Though there will be fresh interviews every week, the SameSexSunday round table will be going on a brief hiatus until Pride Month, so Joe and I sought to make this week’s expert panel one of our best. We invited a crew of past all-stars that I think you’ll love.
Luckily, we have a brilliant crew with us, because there are some really important stories we need to dive into. This week, join us as we discuss the brutal apparently anti-transgender beating in a Maryland McDonald’s and a discussion of whether or not publicizing this video is helpful. We also dissect theTennessee Senate’s “Don’t Say Gay” bill attempting to silence public school employees from discussing “homosexuality” and all things adjacent in Tennessee’s K-12 schools. Finally, we also go full-force at the House Republicans’ incredibly expensive defense of DOMA: the legal landscape, the law firm behind the move, and what some activists want to do to send a message to opponents of equality.
We also get an update on the Chick-Fil-A anti-gay charity fiasco: is one university about to say goodbye to the chain because of their anti-gay giving?
This week we’re joined by MetroWeekly’s Chris Geidner, Change.org’s Michael A Jones, Log Cabin Republicans’ Casey Pick and LGBTQ advocate and activist Meghan Stabler. With so many lawyers on one round table, you can bet there was some very deep discussion of the DOMA and Tennessee law realities.
Drop Joe and me a line at email@example.com if you’d like to chat with us about the show, and we’ll see you next week with another great SameSexSundayinterview!
I sent the following to a Knoxville, TN newspaper:
Letters to the Editor
Knoxville News Sentinel
2332 News Sentinel Drive
Knoxville, TN 37921
As an 80 year-old native Tennesseean now residing in New York, I am writing to address a matter supported by the state senator from Knoxville, Stacey Campfield, who is a native New Yorker now residing in Tennessee. I lived in Knoxville 14 of my years, the last four of which while acquiring my doctorate from the University of Tennessee.
An article came across my desk yesterday informing me that Mr. Campfield had sponsored a blatantly discriminatory bill in the state senate that would prohibit any discussion of homosexuality in the classroom before the ninth grade. It passed the judiciary committee with a 6-3 vote. It would seem that this “group of six” must believe that homosexuality not only can be taught, but also may be caught. Such a law would deny children questioning their sexuality any source of help in a place of learning. Heaven help us!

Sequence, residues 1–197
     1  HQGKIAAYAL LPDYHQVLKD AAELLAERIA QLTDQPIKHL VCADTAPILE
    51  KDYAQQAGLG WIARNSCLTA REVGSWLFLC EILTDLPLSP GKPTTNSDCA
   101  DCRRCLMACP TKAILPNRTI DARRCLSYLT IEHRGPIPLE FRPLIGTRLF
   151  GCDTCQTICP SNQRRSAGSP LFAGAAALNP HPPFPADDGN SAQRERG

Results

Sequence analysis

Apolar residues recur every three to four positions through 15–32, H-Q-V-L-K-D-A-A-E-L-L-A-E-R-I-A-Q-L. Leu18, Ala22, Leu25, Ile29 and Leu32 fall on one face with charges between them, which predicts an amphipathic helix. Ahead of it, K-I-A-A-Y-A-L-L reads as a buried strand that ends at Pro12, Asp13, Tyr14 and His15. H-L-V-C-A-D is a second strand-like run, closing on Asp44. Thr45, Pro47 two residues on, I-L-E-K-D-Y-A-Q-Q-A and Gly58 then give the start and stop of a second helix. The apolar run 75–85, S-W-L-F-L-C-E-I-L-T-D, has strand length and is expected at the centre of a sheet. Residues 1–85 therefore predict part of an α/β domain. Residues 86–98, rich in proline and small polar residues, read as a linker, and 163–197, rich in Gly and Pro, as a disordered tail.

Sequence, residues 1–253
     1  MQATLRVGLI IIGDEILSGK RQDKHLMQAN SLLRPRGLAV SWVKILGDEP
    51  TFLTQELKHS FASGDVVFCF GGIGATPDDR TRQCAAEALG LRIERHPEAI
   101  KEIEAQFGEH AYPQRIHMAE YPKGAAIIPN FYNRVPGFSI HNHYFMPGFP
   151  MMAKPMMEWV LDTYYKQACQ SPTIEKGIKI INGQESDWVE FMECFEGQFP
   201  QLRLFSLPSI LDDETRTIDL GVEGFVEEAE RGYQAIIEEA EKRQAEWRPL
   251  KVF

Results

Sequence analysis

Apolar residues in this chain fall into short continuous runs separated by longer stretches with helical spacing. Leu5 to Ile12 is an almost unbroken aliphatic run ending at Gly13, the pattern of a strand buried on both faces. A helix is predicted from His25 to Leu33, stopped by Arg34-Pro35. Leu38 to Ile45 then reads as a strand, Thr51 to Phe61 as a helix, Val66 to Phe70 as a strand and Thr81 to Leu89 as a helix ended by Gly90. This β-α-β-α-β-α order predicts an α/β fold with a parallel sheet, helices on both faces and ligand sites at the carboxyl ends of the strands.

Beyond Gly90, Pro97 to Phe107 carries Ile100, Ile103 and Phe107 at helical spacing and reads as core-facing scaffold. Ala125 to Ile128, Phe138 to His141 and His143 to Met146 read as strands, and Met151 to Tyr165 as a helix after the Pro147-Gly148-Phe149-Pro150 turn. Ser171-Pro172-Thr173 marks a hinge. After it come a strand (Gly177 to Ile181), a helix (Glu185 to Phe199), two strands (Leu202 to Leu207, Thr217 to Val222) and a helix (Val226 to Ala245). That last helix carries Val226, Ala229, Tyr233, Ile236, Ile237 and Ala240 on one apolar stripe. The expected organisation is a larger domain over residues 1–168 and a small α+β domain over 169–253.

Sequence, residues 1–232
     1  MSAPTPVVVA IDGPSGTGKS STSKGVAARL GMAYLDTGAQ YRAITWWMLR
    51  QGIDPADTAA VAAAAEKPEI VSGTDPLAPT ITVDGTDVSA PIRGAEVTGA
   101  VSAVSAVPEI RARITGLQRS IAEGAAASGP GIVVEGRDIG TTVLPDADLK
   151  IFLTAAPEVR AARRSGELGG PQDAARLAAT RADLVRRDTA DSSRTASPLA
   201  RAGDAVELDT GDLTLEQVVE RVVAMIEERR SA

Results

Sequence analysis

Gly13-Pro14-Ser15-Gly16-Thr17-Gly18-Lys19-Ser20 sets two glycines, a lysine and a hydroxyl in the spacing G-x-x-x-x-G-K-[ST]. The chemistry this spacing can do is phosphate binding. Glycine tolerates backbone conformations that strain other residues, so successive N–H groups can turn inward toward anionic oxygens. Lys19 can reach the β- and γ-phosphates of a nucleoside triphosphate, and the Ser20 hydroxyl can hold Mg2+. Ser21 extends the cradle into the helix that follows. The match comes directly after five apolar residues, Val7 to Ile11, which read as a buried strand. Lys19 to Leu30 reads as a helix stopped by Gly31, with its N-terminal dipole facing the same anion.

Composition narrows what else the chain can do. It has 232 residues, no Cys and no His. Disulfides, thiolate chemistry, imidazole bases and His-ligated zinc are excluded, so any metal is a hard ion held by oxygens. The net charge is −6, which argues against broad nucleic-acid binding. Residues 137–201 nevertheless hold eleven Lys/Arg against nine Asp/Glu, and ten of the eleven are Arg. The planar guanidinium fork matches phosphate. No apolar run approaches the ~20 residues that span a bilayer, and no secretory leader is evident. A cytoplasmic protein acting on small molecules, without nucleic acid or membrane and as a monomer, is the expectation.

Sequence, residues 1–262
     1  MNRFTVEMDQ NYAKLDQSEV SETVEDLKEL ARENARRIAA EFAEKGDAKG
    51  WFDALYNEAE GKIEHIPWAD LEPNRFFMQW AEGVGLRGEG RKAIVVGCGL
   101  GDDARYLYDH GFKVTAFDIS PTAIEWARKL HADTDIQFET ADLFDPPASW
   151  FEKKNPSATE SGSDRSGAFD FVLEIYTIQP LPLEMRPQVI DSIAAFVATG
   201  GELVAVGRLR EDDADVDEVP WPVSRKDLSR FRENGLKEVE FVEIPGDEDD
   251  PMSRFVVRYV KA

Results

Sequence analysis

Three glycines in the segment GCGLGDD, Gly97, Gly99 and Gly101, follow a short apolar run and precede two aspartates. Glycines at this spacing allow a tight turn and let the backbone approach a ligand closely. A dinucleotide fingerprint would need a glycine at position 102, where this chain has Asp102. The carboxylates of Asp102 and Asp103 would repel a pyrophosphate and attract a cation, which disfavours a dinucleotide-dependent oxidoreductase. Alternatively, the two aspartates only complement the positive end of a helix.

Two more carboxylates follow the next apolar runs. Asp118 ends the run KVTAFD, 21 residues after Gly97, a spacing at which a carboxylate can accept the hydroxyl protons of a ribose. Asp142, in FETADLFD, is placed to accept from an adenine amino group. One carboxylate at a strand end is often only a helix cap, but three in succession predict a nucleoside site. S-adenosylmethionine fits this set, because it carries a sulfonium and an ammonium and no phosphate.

In the comments section below the article, there was one that included, “Well, after all, it is Tennessee. . .” and went on to denigrate the population of the entire state. I took umbrage at such an attempt to group all Knoxvillians and all Tennesseeans in the same mentality mode as the bill’s sponsor and made my resentment known in a comment of my own. Knoxville in particular and Tennessee in general are filled with fair-minded people who, I believe, would be up in arms over such a law’s being enacted in their great state.
Further checking on Mr. Campfield, I discovered that he is 42 years old, never married and not actively pursuing a one man/one woman relationship. “It will happen if it happens,” was his attitude in response to an interviewer’s question about whether he planned to wed. It reminded me of my own experience of being deeply closeted while serving as a Southern Baptist minister for 12 years. I was “too busy with my calling to marry.“ In all my years prior to my coming out I did things that would divert attention away from me so that my sexuality was never subjected to scrutiny.
Could it be that is what Mr. Campfield is doing? If he attacks gays, then surely he would never be thought of as “one of them.” Since he fought for this bill unsuccessfully in the state House for a number of years, I have concluded that I think Mr. Campfield doth protest too much. I would not be the least bit surprised if one of these days he becomes the next politician with a “wide stance” in an airport restroom.
Theodore W. Hayes, Ed.D.